A 2018 decision concerning the J'adore 3D trade mark has been chosen as a guiding case in China. Ling Zhao of the MARQUES China Team explains why the case is important.
On 24 December 2019, the ruling of the Supreme People's Court (SPC) on the retrial of the refusal of Parfums Christian Dior's 3D trade mark for J'adore perfume was selected as guiding case number 114.
Since 2011, the SPC has announced 135 guiding cases in various fields. The selected guiding cases are of great significance and are binding on Chinese courts. The SPC has only selected a few trade mark-related cases as guiding cases.
The retrial of the refusal of the J'adore 3D trade mark was one of the most high-profile IP cases in China in 2018: the SPC announced a final judgment on 26 April, World Intellectual Property Day, reversing the decisions of the lower courts and the review board.
Refusal for lack of distinctiveness
Christian Dior filed an application for the J'adore perfume bottle 3D trade mark through the Madrid System and extended for protection in China. The China National Intellectual Property Administration (CNIPA) refused the application for lack of distinctiveness under Article 11, 1 (3) of the China Trademark Law.
Christian Dior filed for a review with the review board. After the appeal was rejected, it filed further appeals at the Beijing Intellectual Property Court, Beijing High Court, and then finally a retrial application at the Supreme People's Court.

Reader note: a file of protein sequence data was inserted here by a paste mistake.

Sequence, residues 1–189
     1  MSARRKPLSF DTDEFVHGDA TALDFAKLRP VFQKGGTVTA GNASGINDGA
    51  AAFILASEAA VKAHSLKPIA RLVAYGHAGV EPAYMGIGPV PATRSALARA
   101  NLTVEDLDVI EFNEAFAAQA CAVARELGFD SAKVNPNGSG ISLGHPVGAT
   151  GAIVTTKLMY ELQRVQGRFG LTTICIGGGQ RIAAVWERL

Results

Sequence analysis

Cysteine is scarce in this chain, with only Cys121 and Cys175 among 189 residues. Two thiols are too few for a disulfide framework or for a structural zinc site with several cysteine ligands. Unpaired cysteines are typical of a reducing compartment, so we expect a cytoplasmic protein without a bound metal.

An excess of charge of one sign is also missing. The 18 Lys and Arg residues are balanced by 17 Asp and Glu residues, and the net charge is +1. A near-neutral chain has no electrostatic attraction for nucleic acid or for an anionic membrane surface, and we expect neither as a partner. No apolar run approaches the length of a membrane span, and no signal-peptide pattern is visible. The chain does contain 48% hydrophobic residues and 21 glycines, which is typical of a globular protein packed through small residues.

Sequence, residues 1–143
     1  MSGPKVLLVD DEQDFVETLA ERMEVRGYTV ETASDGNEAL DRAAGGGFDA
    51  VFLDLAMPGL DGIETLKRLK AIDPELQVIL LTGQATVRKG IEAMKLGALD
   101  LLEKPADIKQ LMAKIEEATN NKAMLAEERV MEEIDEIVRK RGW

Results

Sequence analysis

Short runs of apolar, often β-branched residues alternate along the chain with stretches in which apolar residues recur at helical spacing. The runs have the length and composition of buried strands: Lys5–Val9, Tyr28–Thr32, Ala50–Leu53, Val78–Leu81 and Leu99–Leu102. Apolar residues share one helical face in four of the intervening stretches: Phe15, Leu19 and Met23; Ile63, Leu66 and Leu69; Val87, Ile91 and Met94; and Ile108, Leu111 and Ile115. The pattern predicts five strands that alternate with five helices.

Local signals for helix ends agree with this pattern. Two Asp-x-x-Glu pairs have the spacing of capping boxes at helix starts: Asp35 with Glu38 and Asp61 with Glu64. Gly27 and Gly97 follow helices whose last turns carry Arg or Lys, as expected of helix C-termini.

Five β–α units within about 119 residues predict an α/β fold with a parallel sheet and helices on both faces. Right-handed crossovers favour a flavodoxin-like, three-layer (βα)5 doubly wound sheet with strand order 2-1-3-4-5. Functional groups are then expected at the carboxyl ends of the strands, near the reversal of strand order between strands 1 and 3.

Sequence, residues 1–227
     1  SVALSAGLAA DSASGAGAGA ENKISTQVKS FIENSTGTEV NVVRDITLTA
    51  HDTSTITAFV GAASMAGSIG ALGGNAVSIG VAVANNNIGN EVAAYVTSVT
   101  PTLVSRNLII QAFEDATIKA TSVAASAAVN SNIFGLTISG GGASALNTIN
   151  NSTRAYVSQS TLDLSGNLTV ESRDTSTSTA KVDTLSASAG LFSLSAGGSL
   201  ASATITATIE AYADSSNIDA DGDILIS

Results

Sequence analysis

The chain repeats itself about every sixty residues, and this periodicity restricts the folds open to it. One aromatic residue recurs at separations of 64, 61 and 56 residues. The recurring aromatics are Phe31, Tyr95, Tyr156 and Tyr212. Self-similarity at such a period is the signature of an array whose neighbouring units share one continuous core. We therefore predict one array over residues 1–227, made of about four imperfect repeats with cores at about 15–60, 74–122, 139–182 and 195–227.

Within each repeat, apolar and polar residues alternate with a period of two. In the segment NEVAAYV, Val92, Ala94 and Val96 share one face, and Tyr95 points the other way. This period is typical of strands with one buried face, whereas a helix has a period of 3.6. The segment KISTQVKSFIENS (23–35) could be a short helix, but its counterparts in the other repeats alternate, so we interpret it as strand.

Christian Dior claimed that its J'adore perfume bottle trade mark was mistakenly categorised as a device trade mark, instead of a 3D trade mark, and that the decision of the CNIPA was made incorrectly due to this procedural illegality.
The trade mark (illustrated) was applied for the goods "perfumery, perfumes, eau de parfum, eau de toilette, eau-de-cologne, perfume extracts, scented body milks, scented oils and lotions for the body, shower perfumed lotions, perfumed shower gels, bath lotions, scented gels for the bath, scented soaps, scented shampoos; make-up for the face, eyes and lips; nail and nail care products" in Class 3. The mark is the form of fine and long figure eight, with a small globe at the top and an oval shape at the bottom, adorned in gold.
But according to Rule 13 of the Implementing Regulations of the China Trademark Law, the applicant for a 3D trade mark shall submit a drawing capable of determining the 3D shape, which shall at least contain 3D views, and describe the way in which the trade mark is to be used.
Christian Dior supplemented the drawing with 3D views during the review procedure, and claimed that the trade mark contained the word "J'adore" and should be considered sufficiently distinctive. It also claimed that through long-term use and publicity on a wide scale, the trade mark had acquired stronger distinctiveness.
The review board of CNIPA still rejected the application, on the grounds that the trade mark was a bottle device, and could be viewed a common container for the designated goods, so that it lacked inherent distinctiveness. Further, there was insufficient evidence to prove the acquired distinctiveness of the mark.